James Williams

Android talk at Tampa JUG

Tags: Android

Tuesday I gave a talk at the Tampa JUG and for the most part it went well. The projector in the JUG space didn't like my Hardy (Ubuntu) partition, nor my Windows partition. Nor the Xandros on my eee pc. After some playing with settings and rebooting, I got the projector to be recognized as a secondary screen for XP. Matters weren't helped by the fact that I live in Ubuntu and even my thumbdrive is formatted as ext3. Oh well...but I was able to show the demo and some of the code. Here's some of the random stuff I didn't get to show or I think needs a little bit more explanation.

General structure of a Android app

File or Directory Description
build.xml
AndroidManifest.xml Registration of Activities, Intents, and IntentFilters/Receivers
/src
/res
/res/drawable Images
/res/layout XML Layouts of Activities
/res/values Strings/Arrays for Spinners and such
/bin
/bin/classes
/bin/classes.dex
/bin/<Your Application>.apk Application file that is loaded to phone

Background Images

The background is set in the outermost layer tag with android:background. <AbsoluteLayout android:id="@+id/widget0" android:layout_width="fill_parent" android:layout_height="fill_parent" xmlns:android="http://schemas.android.com/apk/res/android" android:background="@drawable/trafficviewer" >

The @drawable refers to the above drawable directory and also notice that the filename leaves off the extension.

TrafficViewer

TrafficViewer is a small Android application that allows a user to input a mile radius and a zip code or city and state to find accidents in that area. The input from the user is sent to the Yahoo! Traffic APIs and it returns geocoded lat/long points indicating accidents.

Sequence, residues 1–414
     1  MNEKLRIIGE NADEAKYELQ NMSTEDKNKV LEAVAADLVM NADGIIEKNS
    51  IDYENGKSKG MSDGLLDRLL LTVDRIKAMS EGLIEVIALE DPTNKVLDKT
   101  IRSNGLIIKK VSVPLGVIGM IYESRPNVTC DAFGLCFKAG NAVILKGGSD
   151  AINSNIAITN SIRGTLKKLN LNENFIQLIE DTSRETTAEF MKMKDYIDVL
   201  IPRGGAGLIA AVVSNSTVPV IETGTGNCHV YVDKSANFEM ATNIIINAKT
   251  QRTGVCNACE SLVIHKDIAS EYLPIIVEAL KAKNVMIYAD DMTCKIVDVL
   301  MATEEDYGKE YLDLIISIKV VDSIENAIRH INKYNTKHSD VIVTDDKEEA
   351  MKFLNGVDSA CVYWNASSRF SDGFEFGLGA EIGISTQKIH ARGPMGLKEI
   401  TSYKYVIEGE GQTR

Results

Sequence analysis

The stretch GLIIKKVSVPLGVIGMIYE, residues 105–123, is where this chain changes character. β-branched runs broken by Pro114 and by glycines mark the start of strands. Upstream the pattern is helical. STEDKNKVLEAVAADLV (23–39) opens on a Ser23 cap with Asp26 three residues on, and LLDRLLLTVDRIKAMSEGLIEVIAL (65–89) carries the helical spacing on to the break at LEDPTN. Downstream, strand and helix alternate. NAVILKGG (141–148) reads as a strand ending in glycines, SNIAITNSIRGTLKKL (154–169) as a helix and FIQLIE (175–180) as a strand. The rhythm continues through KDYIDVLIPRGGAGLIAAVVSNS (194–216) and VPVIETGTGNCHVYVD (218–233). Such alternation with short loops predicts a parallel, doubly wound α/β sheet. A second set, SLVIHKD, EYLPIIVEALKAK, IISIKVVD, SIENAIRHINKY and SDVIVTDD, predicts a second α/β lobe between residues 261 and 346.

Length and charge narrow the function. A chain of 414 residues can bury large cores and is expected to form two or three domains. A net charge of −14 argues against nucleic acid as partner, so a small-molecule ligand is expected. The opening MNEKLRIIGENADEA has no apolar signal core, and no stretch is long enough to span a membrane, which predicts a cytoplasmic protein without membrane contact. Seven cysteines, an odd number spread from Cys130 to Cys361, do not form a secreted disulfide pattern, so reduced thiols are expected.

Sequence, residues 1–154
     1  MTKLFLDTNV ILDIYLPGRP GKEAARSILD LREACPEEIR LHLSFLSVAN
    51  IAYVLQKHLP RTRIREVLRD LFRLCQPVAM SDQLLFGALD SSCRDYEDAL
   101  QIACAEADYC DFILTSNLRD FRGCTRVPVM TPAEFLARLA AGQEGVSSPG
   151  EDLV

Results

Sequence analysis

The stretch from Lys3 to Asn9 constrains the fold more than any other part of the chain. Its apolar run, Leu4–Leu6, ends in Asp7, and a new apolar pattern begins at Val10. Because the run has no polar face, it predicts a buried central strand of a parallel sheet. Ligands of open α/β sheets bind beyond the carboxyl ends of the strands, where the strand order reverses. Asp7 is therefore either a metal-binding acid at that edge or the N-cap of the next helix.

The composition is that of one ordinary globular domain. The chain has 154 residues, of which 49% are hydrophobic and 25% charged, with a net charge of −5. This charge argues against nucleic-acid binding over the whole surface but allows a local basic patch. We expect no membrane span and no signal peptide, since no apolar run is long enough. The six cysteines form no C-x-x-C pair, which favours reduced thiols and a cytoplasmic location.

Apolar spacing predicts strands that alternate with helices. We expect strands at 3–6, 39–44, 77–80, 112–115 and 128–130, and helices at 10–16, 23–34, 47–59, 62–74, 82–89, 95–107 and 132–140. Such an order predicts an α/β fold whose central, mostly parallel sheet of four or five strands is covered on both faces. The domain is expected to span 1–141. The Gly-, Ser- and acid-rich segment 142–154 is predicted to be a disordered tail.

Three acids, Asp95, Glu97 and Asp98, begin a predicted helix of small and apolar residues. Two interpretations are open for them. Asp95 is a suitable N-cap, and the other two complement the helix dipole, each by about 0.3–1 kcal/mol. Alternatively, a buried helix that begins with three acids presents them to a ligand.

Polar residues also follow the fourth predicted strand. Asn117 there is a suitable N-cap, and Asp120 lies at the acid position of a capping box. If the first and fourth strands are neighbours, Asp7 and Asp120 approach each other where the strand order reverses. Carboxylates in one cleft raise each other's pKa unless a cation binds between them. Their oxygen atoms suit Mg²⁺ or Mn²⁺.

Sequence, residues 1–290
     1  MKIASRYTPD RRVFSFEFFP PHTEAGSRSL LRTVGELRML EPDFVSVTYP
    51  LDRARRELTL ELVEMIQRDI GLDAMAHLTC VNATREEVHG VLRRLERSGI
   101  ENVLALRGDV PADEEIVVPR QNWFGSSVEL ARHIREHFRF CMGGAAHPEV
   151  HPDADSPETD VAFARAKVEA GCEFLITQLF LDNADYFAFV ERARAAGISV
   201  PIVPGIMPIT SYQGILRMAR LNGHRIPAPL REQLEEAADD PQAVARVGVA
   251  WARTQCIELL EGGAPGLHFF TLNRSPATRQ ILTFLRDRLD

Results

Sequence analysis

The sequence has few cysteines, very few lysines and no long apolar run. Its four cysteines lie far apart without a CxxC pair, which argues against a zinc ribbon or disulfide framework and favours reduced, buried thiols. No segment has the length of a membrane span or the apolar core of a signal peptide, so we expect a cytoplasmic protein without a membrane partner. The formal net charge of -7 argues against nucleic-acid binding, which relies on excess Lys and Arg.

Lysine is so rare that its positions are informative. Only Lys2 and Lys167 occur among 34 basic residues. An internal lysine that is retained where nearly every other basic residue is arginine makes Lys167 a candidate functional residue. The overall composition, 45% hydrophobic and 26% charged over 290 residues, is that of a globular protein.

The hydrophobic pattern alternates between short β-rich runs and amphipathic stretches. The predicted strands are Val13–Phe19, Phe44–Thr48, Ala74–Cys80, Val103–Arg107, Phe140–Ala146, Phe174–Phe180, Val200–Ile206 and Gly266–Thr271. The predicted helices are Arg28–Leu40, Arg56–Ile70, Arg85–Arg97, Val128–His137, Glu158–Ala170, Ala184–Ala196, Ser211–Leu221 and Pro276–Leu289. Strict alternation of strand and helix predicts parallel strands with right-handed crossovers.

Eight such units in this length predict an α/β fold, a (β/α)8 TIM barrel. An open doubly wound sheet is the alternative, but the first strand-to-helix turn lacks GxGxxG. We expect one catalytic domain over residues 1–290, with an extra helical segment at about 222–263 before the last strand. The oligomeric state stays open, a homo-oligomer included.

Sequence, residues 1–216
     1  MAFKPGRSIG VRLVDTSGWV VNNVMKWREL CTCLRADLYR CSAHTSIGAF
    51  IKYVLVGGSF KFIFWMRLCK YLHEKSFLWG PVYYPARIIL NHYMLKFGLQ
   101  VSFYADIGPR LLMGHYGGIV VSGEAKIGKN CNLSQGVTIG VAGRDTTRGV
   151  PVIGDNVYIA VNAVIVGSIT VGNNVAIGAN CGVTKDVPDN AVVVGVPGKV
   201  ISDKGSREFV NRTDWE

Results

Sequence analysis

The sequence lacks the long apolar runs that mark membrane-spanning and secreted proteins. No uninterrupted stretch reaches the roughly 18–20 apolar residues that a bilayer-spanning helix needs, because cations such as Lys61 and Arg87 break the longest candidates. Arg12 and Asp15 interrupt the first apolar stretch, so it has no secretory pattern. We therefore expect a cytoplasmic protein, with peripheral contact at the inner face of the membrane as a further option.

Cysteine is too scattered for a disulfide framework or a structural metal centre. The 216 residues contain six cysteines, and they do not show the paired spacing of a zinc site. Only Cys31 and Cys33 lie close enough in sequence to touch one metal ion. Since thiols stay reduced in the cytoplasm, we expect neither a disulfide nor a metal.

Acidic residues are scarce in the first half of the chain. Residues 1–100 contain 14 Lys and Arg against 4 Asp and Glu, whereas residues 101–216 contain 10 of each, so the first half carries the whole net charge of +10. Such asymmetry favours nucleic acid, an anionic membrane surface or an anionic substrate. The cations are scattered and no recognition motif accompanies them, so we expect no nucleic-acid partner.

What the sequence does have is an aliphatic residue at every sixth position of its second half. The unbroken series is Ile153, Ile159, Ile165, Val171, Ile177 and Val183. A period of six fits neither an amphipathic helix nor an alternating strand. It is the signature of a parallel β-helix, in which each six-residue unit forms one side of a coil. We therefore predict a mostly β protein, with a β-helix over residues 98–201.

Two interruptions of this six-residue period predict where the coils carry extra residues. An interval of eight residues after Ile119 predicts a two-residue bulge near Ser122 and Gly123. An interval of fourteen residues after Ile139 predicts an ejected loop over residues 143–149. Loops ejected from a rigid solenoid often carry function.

!Traffic Viewer Screenshot

The background image is a Creative Commons licensed(by-nc) by Thomas Hawk

Some of the files I didn't get to show as much were the YTrafficFetcher, TrafficRecord, YTrafficHandler, and TrafficMap.

YTrafficFetcher, like it's name states, is an interface to the webservices. It constructs the uri query strings, and acts as a buffer for the YTrafficHandler which parses the code and loads them into the POJO TrafficRecord.

URL url = new URL(this.query);
SAXParserFactory spf = SAXParserFactory.newInstance();

SAXParser sp = spf.newSAXParser();
XMLReader xr = sp.getXMLReader();

YTrafficHandler handler = new YTrafficHandler();
xr.setContentHandler(handler);

xr.parse(new InputSource(url.openStream()));
r = handler.getTrafficRecords();

YTrafficHandler walks the XML and has convenience methods for marking the start and end elements and gets the enclosed characters.

TrafficMap, as a MapActivity, wraps the functionality of a MapView. From it, I created a basic map and overlay reading in the location and the title of the incident. The map auto-zooms to the last point in the list. Actually it sets the zoom to each point as it is parsing them. I'll admit that this was lazy and a more elegant solution would have been to find an equidistant point between them but lack of time requires some compromises.

Here's the pertinent code that draws the overlays on the map [mostly borrowed from tutorials on anddev and helloandroid]

// Create a Point that represents our GPS-Location
Double lat = record.getLatitude() * 1E6;
Double lng = record.getLongitude() * 1E6;
Point point = new Point(lat.intValue(), lng.intValue());
TrafficMap.myMapController.centerMapTo(point, false);
int[] myScreenCoords = new int[2];
// Converts lat/lng-Point to OUR coordinates on the screen.
calculator.getPointXY(point, myScreenCoords);


// Draw a circle for our location
RectF oval = new RectF(myScreenCoords[0] - 7, myScreenCoords[1] + 7, 
     myScreenCoords[0] + 7, myScreenCoords[1] - 7);


// Setup a color for our location
paint.setStyle(Style.FILL);
paint.setARGB(255, 0, 0, 0); // reddish color
// Draw our name
canvas.drawText(record.getTitle(), myScreenCoords[0] +9, myScreenCoords[1], paint);


// Change the paint to a 'Lookthrough' Android-Green
paint.setARGB(80, 156, 192, 36);
paint.setStrokeWidth(1);
// draw an oval around our location
canvas.drawOval(oval, paint);


// With a black stroke around the oval we drew before.
paint.setARGB(255,0,0,0);
paint.setStyle(Style.STROKE);
canvas.drawCircle(myScreenCoords[0], myScreenCoords[1], 7, paint);

Slides

Source code (Yahoo Developer ID needed)